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Terms and Distinctions: Reformed/Covenant Theology, NCT, and Covenantal Premillennialism

September 16, 2014

Among some Christian circles today, especially Calvinists and dispensationalists, a more superficial understanding of theology persists, and the tendency to think that:

  • anyone who is not “dispensational” adheres to covenant theology
  • anyone who holds to amillennialism believes Covenant theology, and vice versa, AND
  • covenant theology equals “church replacement theology” (amillennial/preterist ideas)

Accordingly, some will use the terms “Calvinist” and “Reformed” interchangeably, though in discussion it becomes clear that what is actually meant is Calvinist soteriology aka the “doctrines of grace.” Yet as I’ve recently come to understand more clearly, 5-point baptistic Calvinism, as popularly seen in the “Sovereign Grace” movement characterized by smaller, non-denominational churches with informal affiliation — and often associated with amillennial or postmillennial eschatology — is but one component of what is included within overall “Reformed/Covenant  Theology.”   Covenant Theology aka Reformed Theology includes not only Calvinist soteriology, but also understanding and adherence to the 16th and 17th century Reformed confessions. The confessions include the teaching of the theological covenants (covenant of works, covenant of grace, and covenant of redemption), and understanding of the Old Testament law as having three parts (moral, civil, ceremonial) and a “third use” of the law (the moral law, the ten commandments), as a guide in sanctification (not salvation) for the believer.

Here I observe that some churches that affirm the “Doctrines of Grace” aka Calvinism and reference the term “sovereign grace,” may also hold to covenant theology.  But more often they actually hold to a “dispensational” understanding of the law, particularly with NCT, New Covenant Theology (which has developed within the last 30 years, about as old as progressive dispensationalism, both of which are more recent than classic or even revised dispensationalism). To add to the name confusion, some churches with “Reformed Baptist” in their name actually teach NCT instead of Reformed Baptist theology. The difference shows up while visiting church websites, that some reformed churches will specifically state their adherence to the 1689 London Baptist Confession (or another of the 17th century confessions, such as the 1644 Baptist one or, for paedo-baptists, the Westminster Confession); some of these will state qualified agreement “generally” or “in large part” while others state full agreement; whereas NCT “Sovereign Grace” churches usually will not explicitly mention their “NCT” belief (which is not one single, confessional belief and likely includes several variations).  With specific churches (as true for all doctrinal views) one must look carefully at the stated versus actual beliefs; in recent church-site searching I came across a few church websites stating agreement with the 1689 London Baptist confession but with sermon content of traditional dispensationalism.  Further: though NCT “Sovereign Grace” churches are also predominantly amillennial/ postmillennial, a few are historic premillennial (for instance Fred Zaspel and a few others), and a few that self-describe as “Sovereign Grace” are of the Calvinist-Dispensational variety.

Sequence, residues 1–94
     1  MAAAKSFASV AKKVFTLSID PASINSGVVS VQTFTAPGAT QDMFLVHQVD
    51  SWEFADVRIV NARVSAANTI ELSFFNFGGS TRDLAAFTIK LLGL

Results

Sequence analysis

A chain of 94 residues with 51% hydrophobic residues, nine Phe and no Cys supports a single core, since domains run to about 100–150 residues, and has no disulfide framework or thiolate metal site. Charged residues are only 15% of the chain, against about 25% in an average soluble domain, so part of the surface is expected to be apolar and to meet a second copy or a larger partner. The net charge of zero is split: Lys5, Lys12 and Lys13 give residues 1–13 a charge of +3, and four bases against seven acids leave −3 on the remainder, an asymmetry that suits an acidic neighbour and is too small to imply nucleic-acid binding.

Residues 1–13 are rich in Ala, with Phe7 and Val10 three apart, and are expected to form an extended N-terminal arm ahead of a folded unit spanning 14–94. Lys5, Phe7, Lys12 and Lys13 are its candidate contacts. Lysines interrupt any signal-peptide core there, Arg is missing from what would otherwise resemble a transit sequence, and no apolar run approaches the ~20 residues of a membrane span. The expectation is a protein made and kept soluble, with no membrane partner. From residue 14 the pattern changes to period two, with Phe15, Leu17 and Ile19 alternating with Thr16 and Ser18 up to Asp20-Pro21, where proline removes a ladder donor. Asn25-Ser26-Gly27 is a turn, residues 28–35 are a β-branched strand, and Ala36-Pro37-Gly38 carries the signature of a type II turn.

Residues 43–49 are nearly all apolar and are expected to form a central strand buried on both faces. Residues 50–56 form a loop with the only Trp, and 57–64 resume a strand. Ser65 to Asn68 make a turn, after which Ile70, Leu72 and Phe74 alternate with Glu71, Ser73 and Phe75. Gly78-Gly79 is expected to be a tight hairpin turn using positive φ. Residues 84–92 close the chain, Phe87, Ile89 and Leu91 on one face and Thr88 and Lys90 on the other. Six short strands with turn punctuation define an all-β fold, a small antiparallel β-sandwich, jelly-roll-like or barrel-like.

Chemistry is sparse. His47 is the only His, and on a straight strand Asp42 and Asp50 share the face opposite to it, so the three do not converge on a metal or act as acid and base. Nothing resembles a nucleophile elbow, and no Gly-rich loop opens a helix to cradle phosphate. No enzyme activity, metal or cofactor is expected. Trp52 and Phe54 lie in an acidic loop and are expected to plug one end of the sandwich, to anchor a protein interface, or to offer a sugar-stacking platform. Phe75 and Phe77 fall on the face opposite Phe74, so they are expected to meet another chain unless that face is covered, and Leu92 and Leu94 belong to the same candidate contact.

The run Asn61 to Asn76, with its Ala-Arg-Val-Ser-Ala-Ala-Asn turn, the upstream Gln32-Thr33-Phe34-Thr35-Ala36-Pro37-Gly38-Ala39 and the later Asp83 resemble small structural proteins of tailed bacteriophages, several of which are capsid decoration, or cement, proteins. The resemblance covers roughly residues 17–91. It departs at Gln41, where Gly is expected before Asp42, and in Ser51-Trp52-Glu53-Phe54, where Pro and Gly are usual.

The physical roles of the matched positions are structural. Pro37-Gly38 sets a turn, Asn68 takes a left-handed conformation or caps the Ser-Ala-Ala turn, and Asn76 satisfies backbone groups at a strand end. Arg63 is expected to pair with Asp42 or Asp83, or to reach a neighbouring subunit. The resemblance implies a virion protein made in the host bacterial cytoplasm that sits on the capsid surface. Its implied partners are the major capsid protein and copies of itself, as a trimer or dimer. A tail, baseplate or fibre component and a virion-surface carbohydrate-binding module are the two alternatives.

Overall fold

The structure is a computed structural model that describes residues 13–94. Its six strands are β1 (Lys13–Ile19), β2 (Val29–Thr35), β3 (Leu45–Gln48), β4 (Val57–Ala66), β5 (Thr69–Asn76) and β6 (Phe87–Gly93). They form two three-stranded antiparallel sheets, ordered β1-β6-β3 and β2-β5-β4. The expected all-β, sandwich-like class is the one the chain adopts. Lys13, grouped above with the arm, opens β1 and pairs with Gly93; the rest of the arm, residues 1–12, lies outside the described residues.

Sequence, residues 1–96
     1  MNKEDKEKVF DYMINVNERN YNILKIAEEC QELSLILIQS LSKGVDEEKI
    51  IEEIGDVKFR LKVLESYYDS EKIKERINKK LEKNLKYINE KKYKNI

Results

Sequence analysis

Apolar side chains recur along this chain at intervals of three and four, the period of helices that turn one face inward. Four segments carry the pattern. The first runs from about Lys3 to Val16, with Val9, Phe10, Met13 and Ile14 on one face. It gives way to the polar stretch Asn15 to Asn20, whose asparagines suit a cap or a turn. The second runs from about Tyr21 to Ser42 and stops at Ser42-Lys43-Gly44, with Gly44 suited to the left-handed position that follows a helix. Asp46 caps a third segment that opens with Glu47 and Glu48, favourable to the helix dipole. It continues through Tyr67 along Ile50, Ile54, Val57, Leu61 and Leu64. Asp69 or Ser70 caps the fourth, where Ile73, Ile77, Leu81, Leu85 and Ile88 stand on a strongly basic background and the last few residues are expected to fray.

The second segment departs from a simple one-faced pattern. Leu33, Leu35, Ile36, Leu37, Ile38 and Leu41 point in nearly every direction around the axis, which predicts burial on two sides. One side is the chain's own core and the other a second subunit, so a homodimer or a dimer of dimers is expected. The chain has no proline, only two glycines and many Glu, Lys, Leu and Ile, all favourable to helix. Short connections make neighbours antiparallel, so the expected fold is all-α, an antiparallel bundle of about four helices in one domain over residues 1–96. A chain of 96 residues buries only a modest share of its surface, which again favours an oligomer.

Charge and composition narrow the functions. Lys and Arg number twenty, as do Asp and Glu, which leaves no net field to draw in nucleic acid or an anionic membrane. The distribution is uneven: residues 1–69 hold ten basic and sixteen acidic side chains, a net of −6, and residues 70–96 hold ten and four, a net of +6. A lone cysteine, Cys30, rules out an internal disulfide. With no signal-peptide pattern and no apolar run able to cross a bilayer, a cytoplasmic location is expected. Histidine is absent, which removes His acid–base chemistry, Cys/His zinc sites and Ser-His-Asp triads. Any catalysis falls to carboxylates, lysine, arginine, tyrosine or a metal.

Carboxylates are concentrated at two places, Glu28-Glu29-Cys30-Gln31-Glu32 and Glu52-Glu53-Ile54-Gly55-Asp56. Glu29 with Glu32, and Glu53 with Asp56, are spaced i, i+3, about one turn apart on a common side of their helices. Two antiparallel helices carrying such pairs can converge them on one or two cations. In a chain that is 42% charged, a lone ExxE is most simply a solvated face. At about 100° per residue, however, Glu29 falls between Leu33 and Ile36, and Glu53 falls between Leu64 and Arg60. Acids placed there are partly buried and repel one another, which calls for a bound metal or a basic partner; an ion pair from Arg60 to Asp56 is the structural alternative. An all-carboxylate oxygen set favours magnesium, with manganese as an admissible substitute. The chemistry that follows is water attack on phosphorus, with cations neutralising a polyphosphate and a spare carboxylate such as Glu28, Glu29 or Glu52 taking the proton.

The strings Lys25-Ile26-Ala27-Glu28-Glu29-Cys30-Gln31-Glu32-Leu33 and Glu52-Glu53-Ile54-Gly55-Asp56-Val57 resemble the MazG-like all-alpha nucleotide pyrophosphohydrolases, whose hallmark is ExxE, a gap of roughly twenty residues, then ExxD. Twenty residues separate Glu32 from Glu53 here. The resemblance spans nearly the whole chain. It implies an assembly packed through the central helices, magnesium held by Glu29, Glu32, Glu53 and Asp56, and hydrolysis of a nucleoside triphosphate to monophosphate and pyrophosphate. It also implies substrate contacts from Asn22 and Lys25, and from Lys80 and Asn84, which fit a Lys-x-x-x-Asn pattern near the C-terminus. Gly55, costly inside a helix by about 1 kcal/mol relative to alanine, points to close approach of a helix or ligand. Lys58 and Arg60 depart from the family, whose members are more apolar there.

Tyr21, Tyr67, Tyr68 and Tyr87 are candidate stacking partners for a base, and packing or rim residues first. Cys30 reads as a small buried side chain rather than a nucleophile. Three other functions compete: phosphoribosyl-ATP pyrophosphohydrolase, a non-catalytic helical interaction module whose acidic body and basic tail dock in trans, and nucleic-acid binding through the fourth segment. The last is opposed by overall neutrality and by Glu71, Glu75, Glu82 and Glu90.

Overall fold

Another important point regarding Covenant Theology and millennial views: though many who hold to “Covenant Theology” also are amillennial or postmillennial – with variations among themselves on the futurist-idealist-preterist line, CT itself does not at all require an anti-premillennial view, or even an anti-future Israel view.  Though the true history has been largely forgotten by many of today’s CT advocates… ironically enough, as noted in Nathaniel West’s “History of the Premillennial Doctrine” and in my recent “Premillennialism in Church History” series, many if not most of the Westminster Divines were in fact premillennial: a truth that returned soon after the Reformation and held sway throughout the early Protestant years.  Many great theologians of the CT tradition, down through the 18th and 19th centuries, were premillennial, and many of these also affirmed a literal future for regathered ethnic, national Israel.

Covenant theologians (such as Horatius Bonar, also J.C. Ryle and Charles Spurgeon) can well articulate BOTH the tenets of covenant theology and the reformed view of the law (see Horatius Bonar’s God’s Way of Holiness, especially chapter 6), AND affirm historic/classic premillennialism, including future restoration of ethnic, national Israel.

Here I note an example of modern-day CT writing which conflates teaching on the Reformed/Covenantal view of the Law, with eschatology and Israel, in this passing statement near the end of this otherwise helpful article about the third use of the law; but such is the author’s own confusion. The article’s statement – This is one eternally important reason why Israel received the Law in the Mosaic Covenant, with the associated typological promise of blessing and cursing. Christ, the antitype of Israel, takes the antitypical curse for the Covenant people and fulfills the righteous requirement of the Law to give them the antitypical (eternal) blessings by faith in Him. – actually has nothing to do with covenant theology itself, and only shows the author’s own confusion and mixing of unrelated issues with excessive spiritualizing. Perhaps, too, this statement could be taken as an illustration or analogy, yet the primary truth and primary meaning (of literal Israel still experiencing literal curses in this age, to be followed by literal blessings in the future) still remains.